Cats have high standards, so remember to scoop the litter box daily and clean it regularly, otherwise your kitty will avoid the tray and go elsewhere.
6. Keep new kitties confined for a little while
When you bring a new kitten home for the first time, they will likely be a bit overwhelmed. There will be lots of new things, new people, new smells and it’s often best if they adjust gradually to their new surroundings. So, to start with, consider limiting their access to just a couple of rooms and keep their litter tray within this space - still of course, in a discreet and private place to make them feel comfortable and safe.
7. There will be accidents!
Accidents will happen! if your kitten doesn’t get to grips with the litter tray immediately, or sprays somewhere else around the home, then you must try and clean it thoroughly to stop them from returning to the same spot again. The scent is a strong territorial signal, and is how cats mark their space, so it’s important to remove misplaced messes!
However, be careful not to use bleach or any ammonia-based products as it reminds cats of their urine smell and they will spray there again! Only use an enzymatic wash or warm water and soap - as this breaks down kitty urine, and makes sure all traces of the scent and pheromones are completely gone.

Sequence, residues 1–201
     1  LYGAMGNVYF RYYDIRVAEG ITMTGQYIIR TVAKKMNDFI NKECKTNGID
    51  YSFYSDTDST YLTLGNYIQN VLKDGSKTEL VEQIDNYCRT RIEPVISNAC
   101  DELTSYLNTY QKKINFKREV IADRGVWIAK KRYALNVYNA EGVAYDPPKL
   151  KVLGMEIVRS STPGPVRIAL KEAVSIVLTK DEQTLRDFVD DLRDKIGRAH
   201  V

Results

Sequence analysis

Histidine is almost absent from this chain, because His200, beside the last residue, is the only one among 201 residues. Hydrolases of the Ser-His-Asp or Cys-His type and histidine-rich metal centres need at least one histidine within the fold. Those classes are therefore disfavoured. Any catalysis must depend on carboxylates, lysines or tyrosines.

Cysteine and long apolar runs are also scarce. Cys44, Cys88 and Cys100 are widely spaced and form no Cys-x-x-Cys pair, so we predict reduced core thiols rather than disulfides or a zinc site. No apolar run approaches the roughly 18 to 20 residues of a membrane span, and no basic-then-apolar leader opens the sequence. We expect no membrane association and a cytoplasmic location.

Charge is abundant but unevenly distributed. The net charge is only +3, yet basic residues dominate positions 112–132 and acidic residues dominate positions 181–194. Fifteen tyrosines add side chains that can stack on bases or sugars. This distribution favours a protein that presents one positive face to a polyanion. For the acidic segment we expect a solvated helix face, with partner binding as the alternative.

8. Check your kitty’s health if you have concerns!
If you are worried that your kitten isn’t getting to grips with the litter tray as quickly as you would expect, or they are spraying outside the box, it may be best to get them checked out by your vet, to discount any underlying problems.
When you are happy that there’s nothing to worry about, persevere and kitty will soon be using the litter tray on their own!
HELP YOUR KITTY FEEL COMFORTABLE
Consider the use of a FELIWAY CLASSIC Spray to stop kitten spraying. FELIWAY CLASSIC is clinically proven to help reduce spraying and you should see an improvement within the first week. Continue to use for at least one month. Spray FELIWAY CLASSIC Spray in the single area on the mark after cleaning, and spray there daily.
To create a comforting environment for your kitten around the house plug in FELIWAY Optimum Diffuser which will help your kitten adjust to their new life with you, feel reassured and safe with the comforting messages being diffused around their new home.